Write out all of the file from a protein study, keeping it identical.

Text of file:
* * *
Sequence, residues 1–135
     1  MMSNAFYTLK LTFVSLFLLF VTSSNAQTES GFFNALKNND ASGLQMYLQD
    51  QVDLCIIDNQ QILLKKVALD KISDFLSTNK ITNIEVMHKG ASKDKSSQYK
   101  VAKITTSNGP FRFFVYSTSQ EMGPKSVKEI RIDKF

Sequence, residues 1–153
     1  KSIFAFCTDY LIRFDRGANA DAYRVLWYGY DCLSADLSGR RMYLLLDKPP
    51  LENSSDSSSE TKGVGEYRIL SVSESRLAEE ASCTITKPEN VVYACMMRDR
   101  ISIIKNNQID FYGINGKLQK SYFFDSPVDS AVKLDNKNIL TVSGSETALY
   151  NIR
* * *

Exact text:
Sequence, residues 1–135
     1  MMSNAFYTLK LTFVSLFLLF VTSSNAQTES GFFNALKNND ASGLQMYLQD
    51  QVDLCIIDNQ QILLKKVALD KISDFLSTNK ITNIEVMHKG ASKDKSSQYK
   101  VAKITTSNGP FRFFVYSTSQ EMGPKSVKEI RIDKF

Sequence, residues 1–153
     1  KSIFAFCTDY LIRFDRGANA DAYRVLWYGY DCLSADLSGR RMYLLLDKPP
    51  LENSSDSSSE TKGVGEYRIL SVSESRLAEE ASCTITKPEN VVYACMMRDR
   101  ISIIKNNQID FYGINGKLQK SYFFDSPVDS AVKLDNKNIL TVSGSETALY
   151  NIR